Photographs by: Inhouse
By Courtney • Dec 5, 2018
The wide open and ultra modern Revolut Offices, created by Thirdway Interiors located in London, England, are a stunning example of how shared productive space can boost morale and facilitate better teamwork between office members.
Due to a redirection of brand and values, Revolut decided to overhaul entirely by transforming their London offices into a fresh new space that better reflects their refocusing. The new offices, perched on a bustling street in Canary Wharf, resides on the same street as branches of the architectural firm hired for the project, so they were wonderfully equipped to build a space that was cohesive with the atmosphere of their area and the other innovative businesses that function there.
To begin, teams decided to encompass the space with an overall Italian-chic style. This was focus more closely on the desire to create spaces within that the appeared raw yet sophisticated. Colour schemes were kept rather simplistic (spaces are largely black and white), which enhanced a sense of industrial influence, but occasional pops of colour throughout that overall palette saved the area from look too cold or minimalist.
Furnishings were chosen on their ability to be unique yet comfortable, refining the various spaces and delineating their function without calling for actual physical separating, which would have interrupted the open-concept space and worked against the wishes of the clients. Exposed ceilings spray painted in black match the rest of the decor scheme in its dark but not unfriendly industrialism.
Incorporating a subtle sense of fun into the shapes and decor schemes was paramount to the clients because it fell in line with the new direction of their rebranding efforts. Eye catching neon signs stand out in various places, lighting up against concrete blocks with catchy or motivational sayings that provoke thought rather than feeling cheesy or stereotypical to read. Newspaper based collage art provides employees with an inspirational view when they’re feeling distracted; a subliminal reminder of the goals they’re there to achieve through their admirable work.
Besides the elements of fun and pops of colour, two key features keep the office lively, cohesive, and open. These are the wonderfully large windows that allow plenty of uplifting natural light, as well as the fact that there’s free flow between private work stations and more casual break, social, and entertainment of group work areas. This prevents anyone from feeling isolated within their work environment, but still gives them access to less distracting areas on days where their concentration is crucial. Many of these spaces are multi-functional, making them diverse and useful for all kind of different things, depending on the daily needs of the office’s teams.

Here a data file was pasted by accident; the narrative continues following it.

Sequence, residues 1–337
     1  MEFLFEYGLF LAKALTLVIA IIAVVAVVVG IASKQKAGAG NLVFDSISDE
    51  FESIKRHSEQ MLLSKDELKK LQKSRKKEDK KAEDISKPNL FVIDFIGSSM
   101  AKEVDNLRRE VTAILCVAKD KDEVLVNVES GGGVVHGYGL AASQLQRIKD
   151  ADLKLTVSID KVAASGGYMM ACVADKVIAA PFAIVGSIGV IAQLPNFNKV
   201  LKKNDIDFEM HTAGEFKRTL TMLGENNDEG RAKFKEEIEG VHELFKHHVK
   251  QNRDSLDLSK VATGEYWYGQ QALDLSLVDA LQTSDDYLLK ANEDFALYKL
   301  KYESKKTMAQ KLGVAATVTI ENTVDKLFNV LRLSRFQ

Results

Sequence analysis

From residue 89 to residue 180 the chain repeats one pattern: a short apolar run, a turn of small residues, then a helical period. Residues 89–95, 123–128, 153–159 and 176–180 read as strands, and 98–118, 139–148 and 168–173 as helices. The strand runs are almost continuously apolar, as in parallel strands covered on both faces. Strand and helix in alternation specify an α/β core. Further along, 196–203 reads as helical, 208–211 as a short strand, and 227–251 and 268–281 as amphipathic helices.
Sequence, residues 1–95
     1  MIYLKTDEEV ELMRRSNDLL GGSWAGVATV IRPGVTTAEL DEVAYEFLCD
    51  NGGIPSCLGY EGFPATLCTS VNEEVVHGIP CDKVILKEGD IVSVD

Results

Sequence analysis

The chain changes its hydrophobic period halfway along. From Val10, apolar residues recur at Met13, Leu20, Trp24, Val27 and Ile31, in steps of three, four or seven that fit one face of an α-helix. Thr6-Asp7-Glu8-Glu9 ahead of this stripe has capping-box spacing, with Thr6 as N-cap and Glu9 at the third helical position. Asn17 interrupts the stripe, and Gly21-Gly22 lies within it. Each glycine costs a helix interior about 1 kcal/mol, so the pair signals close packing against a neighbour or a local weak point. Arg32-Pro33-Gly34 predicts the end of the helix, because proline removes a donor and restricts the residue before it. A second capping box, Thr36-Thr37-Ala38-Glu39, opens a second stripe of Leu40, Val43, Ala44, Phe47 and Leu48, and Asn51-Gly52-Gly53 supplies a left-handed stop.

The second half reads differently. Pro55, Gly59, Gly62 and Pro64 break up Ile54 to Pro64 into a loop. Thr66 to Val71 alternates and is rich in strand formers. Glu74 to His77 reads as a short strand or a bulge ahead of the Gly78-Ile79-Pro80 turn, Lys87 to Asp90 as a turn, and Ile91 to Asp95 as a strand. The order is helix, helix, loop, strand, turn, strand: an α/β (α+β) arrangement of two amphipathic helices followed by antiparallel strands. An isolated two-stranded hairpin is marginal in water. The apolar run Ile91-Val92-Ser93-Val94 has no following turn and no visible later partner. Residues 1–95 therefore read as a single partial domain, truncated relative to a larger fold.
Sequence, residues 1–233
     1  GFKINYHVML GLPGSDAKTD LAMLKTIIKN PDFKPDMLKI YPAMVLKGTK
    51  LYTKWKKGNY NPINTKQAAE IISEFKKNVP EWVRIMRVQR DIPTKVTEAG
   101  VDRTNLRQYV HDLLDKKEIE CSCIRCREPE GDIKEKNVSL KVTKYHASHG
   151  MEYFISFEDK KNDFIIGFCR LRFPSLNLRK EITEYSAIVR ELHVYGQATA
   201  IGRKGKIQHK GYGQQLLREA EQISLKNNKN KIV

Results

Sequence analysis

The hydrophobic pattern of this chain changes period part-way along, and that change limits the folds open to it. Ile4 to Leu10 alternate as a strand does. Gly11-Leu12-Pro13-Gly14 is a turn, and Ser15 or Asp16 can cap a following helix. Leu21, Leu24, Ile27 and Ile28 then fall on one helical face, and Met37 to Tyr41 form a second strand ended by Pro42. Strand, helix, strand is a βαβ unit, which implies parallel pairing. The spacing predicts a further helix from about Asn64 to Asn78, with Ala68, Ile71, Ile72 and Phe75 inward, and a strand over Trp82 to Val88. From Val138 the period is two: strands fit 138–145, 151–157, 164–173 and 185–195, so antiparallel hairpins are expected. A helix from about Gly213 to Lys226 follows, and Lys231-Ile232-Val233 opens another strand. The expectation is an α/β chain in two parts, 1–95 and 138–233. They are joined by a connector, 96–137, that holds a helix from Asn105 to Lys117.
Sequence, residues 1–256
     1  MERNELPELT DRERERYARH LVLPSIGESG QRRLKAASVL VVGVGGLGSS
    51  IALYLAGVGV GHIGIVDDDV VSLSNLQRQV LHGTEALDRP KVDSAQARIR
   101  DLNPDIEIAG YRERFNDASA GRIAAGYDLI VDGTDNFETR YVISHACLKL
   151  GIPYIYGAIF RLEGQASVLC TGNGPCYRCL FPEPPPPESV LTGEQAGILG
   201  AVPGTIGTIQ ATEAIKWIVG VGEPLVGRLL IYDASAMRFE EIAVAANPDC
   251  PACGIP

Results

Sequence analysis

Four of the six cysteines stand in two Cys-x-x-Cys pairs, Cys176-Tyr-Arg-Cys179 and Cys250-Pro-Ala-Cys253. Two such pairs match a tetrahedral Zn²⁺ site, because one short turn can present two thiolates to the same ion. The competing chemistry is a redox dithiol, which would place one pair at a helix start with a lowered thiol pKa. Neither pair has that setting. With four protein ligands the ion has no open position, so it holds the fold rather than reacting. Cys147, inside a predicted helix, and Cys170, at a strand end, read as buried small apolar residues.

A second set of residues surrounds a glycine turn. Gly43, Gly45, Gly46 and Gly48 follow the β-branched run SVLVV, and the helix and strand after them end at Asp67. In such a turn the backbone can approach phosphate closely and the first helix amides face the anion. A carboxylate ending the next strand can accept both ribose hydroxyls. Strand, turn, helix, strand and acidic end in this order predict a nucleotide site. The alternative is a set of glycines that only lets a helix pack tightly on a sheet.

Photographs by: Tom Fallon
By Courtney • Dec 4, 2018
Golfo de Darien House, designed and brought to life by Cristobal Vial Arquitectos in the heart of Las Condes, Chile, is stunning mixed-materials residence that provides guests with a beautifully green golf course view.
This project was one of rehabilitation and expansion on an old house that was originally built in 1970. The house is nestled into the commune of Las Condes in the city of Santiago, Chile. It is part of a grouping of 25 one-story houses that are arranged in an adjoining structure. This was an innovative idea for its time because it made better use of available land, left space for each house to have two independent garden patches of their own, and created a walled yard thanks to the direction of the arrangement.
Now, Golfo de Darien house specifically is owned by a young family with three children who wanted to adapt the space to their particular needs a little better. First, design teams took down several extensions that had been added to the original house in all different materials that bore some natural wear and tear thanks to weather and the passage of time. This stripped the structure a little and gave them more of a blank starting point.
Next, builders took down the connection walls that adjoined this house to the ones around it, thereby opening the space up to a stunning view of a golf course on lands below where the house sits. This also increased visible sky and the amount of natural light coming into the yard at any given time. Removing a chimney and replacing that with a singular separating wall made sure the house is still afforded some privacy without feeling closed off as it did before.
In order to increase the amount of natural light in the interior space (as well as to offset the heavy masonry of the house’s concrete frame), designers added several lovely skylights into the ceiling. Several monolithic walls, like the one near a newly installed extra bathroom, were also replaced with thick glazed glass paneling, making the home feel airy and more spacious without sacrificing too much privacy in personal areas like the bedrooms.